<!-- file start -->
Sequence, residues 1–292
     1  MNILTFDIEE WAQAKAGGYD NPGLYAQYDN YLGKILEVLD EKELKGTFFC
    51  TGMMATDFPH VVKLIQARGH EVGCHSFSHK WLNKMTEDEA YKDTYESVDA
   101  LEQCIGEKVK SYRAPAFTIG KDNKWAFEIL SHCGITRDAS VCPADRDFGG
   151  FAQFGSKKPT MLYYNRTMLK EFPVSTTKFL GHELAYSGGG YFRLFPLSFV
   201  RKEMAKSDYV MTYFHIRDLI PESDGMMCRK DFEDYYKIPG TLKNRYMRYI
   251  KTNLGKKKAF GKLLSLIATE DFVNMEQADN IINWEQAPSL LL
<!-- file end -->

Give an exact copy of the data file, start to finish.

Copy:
Sequence, residues 1–292
     1  MNILTFDIEE WAQAKAGGYD NPGLYAQYDN YLGKILEVLD EKELKGTFFC
    51  TGMMATDFPH VVKLIQARGH EVGCHSFSHK WLNKMTEDEA YKDTYESVDA
   101  LEQCIGEKVK SYRAPAFTIG KDNKWAFEIL SHCGITRDAS VCPADRDFGG
   151  FAQFGSKKPT MLYYNRTMLK EFPVSTTKFL GHELAYSGGG YFRLFPLSFV
   201  RKEMAKSDYV MTYFHIRDLI PESDGMMCRK DFEDYYKIPG TLKNRYMRYI
   251  KTNLGKKKAF GKLLSLIATE DFVNMEQADN IINWEQAPSL LL